Helpful Answer (1)
Report

You are not responsible for your mother's bills that she took out under her name. If you are signed on to any of them, car, credit card, etc. then you can be held liable.
Anonymous was correct in their information to you.
Helpful Answer (1)
Report

FORMYMUM: What type of bills did your Mom have that the creditors are harassing you over? I honestly like stuff like this because it is a bit of a challenge to get them off your back, especially when I know I am right!

If you have not signed on to anything like your Mom's credit card or anything, you really do not have anything to worry about. They cannot come and take YOUR money to pay her bills. What you need to do is find the bills or letters from the creditors and you need to sit down and type up some letters to each of them, you need to explain the situation. "My elderly mother who is 90 years old and suffers with dementia, has become so ill that she has been admitted to such and such facility." Go on to tell them that she has zero assets left, every cent of her social security is paid directly to the nursing home, etc. Tell them that you regret to inform them of this information but there will be no further payments made to them and it will be necessary for them to write off the balances owed. You can go on to tell them that any further communication from them will be considered to be harassment if you want.

Now after saying all that, IF your Mom has a bank account or a home you will probably have to pay them from the proceeds. In my sister in laws case she died and her house was not worth what she owed on it, so they let the house go back to the bank, they sent a copy of her death certificate, she was not married nor did she have children, so they just had to write off the balances on her credit cards.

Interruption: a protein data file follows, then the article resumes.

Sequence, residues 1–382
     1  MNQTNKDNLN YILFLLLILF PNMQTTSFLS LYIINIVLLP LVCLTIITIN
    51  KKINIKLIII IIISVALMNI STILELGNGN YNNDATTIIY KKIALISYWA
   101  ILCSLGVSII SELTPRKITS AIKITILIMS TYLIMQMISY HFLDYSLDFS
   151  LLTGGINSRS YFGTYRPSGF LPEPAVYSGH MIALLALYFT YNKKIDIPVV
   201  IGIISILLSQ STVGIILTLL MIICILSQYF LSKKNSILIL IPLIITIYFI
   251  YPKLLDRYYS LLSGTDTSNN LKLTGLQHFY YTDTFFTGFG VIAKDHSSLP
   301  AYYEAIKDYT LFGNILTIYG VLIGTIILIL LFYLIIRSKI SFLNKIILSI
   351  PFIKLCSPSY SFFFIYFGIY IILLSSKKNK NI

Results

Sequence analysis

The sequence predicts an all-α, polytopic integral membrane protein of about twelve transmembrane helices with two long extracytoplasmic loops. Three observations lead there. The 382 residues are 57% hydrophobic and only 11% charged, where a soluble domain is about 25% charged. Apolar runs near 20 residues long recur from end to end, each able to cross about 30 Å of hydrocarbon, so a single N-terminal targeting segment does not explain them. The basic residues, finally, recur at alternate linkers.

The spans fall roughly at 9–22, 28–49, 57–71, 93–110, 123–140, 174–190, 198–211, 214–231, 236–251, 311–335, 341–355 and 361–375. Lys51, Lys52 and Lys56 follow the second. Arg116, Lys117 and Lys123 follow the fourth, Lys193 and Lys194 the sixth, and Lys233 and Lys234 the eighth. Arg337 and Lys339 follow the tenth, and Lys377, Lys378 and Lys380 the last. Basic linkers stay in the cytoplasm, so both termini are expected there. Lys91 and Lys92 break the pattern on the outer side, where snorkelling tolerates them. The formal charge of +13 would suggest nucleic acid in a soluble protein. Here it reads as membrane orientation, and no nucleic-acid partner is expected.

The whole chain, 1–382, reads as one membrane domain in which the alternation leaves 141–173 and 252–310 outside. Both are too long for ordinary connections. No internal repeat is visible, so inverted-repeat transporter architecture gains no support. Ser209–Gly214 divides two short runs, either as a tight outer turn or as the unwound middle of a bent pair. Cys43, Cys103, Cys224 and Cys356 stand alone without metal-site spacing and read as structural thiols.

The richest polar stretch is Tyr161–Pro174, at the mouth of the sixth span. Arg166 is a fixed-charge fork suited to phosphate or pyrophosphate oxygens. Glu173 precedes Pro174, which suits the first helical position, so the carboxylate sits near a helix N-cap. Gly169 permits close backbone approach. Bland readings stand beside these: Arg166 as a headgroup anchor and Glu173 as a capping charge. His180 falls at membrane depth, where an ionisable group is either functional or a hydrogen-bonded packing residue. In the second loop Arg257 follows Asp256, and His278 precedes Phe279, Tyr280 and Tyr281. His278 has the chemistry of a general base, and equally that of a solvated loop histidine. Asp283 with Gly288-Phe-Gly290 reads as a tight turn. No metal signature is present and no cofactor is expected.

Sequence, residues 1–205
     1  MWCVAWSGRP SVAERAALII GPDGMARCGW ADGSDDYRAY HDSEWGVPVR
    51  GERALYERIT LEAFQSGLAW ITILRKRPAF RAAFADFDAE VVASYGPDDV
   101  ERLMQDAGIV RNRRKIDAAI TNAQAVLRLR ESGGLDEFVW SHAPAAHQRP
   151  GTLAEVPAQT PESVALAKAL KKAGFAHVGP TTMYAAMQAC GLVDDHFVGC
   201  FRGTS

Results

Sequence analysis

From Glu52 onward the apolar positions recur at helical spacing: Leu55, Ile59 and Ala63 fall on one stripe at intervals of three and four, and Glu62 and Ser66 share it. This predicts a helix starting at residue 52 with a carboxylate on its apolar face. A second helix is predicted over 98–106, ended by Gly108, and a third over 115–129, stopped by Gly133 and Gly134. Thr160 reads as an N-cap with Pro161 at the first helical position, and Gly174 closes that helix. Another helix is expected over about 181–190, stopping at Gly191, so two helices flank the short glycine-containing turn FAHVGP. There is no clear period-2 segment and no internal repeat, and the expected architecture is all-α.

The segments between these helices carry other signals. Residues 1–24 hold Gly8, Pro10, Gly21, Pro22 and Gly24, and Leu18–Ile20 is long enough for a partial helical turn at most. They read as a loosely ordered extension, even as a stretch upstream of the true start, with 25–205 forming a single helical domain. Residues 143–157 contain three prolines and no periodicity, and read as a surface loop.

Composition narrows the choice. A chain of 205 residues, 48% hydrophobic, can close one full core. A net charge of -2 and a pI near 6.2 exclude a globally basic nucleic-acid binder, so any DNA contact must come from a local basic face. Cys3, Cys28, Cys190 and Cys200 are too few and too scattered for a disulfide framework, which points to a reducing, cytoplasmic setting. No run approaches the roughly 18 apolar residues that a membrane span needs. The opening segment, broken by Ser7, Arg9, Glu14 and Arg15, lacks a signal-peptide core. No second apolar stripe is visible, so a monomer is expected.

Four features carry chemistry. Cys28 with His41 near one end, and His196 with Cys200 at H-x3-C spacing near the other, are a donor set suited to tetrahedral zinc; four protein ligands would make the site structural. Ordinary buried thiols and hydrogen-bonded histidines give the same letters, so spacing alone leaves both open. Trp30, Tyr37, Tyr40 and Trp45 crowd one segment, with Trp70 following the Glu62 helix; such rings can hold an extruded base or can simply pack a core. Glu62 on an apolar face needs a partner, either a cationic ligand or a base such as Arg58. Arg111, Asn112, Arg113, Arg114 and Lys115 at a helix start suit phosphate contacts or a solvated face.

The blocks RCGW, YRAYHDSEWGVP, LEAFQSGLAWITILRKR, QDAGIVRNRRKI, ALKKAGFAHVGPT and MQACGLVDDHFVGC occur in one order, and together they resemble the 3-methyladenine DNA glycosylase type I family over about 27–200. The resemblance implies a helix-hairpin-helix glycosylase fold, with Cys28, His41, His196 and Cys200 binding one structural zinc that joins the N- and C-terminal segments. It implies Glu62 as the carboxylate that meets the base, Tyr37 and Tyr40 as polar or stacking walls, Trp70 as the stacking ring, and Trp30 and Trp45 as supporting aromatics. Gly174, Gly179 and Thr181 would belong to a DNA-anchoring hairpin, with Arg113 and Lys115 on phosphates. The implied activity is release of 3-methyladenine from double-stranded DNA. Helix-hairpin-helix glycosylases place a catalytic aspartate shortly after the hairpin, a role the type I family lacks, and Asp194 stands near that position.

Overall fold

Creditors can be heartless and ruthless so you may have to stand up to them. If there is nothing left, then there is nothing left, "you cannot squeeze blood from a turnip!"
Helpful Answer (1)
Report

Yes. She left me a will giving me everything, money, car, furniture. My brother has all her money and her assets witch he took when he took her in. He and mom are in a different state. He is slowly going through her money. He doesn't know I have power of attorney and a will. He thinks his will is in power. Mine supersedes his, from when she last lived with me. I just don't want to be responsible for her debts, or funeral, when he is the one that has all her assets. I don't even know where her new bank account is or her belongings. The last bank account she had he took her to the bank, and she with drew all her money five month before putting her in the rest home. Thank you for answering my question, and the response to If I had a will? Does that make me the executor? PS my half brother and I don't speak. So it's hard to get any answers.
Helpful Answer (0)
Report

See All Answers
This question has been closed for answers. Ask a New Question.
Related
Questions